At 7 AM I was still at 3 cm. When Rachel arrived I was lying in bed moaning through contractions like a dying cow. She asked me, gingerly, “Um, Jen, is there a reason you aren’t up and moving?” Oh, I thought, you mean why am I not doing anything remotely close to what we practiced or what I spent countless hours reading about?
Because, Rachel, labor fucking hurts.
But I knew Rachel was right and, albeit reluctantly, I got up and started to move. Over the next several hours I slow danced with my husband (in silence – I had no interest in Nina Simone telling me she was “Feeling Good”), and got on all fours reciting a made-up chant as I visualized myself as part of some ancient tribe of women warriors. I even made it into the tub.
All of the above helped. But I was still only at 5 cm. Then my water broke and the contractions got really, really real. I screamed like I was in a dungeon being stretched to death.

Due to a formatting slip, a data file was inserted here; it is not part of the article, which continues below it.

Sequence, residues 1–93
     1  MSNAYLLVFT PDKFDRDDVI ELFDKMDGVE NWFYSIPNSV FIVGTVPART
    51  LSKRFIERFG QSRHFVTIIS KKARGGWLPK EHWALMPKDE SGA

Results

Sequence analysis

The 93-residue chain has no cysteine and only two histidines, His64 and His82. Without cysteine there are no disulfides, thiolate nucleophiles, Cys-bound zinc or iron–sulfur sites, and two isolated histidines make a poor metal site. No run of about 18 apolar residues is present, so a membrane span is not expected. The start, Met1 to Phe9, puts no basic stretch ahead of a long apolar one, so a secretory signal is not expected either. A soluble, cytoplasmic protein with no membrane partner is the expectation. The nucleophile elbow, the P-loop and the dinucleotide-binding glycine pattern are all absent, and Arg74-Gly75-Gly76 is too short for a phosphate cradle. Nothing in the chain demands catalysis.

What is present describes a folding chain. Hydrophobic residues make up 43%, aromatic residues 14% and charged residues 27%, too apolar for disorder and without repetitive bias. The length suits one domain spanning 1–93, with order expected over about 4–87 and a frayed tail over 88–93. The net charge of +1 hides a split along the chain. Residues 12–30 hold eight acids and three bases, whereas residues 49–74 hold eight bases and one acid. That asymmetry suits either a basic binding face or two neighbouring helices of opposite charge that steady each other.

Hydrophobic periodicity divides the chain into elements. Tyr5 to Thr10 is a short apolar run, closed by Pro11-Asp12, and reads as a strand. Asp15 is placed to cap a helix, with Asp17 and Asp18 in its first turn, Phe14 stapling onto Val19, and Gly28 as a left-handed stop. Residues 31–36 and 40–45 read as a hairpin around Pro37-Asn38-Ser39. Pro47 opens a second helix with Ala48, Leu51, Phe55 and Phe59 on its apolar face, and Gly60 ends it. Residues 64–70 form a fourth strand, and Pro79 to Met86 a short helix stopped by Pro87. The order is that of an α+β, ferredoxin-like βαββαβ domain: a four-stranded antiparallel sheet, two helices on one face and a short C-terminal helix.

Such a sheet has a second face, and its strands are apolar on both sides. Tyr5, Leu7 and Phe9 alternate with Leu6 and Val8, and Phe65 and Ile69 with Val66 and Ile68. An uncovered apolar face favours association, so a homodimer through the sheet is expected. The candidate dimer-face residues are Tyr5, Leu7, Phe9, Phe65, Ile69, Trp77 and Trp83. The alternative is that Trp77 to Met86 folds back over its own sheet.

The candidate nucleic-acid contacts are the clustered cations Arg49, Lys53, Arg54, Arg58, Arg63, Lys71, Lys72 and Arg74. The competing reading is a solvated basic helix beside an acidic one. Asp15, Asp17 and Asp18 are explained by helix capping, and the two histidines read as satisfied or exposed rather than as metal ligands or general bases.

This time instead of asking for an epidural, I screamed for it. No one questioned me. The anesthesiologist team arrived in minutes and it quickly took effect. It felt like the gates of heaven opened up, doves flying everywhere, harp music playing somewhere in the background. All would be well. I slept a bit.
But I started to feel pressure in my sacral area. It was intense, to put it mildly. My baby had turned herself posterior, meaning her back was pressing on my back, and there was nothing the anesthesiologist could do for me. The epidural helps with contractions, not pressure. I just had to deal with it.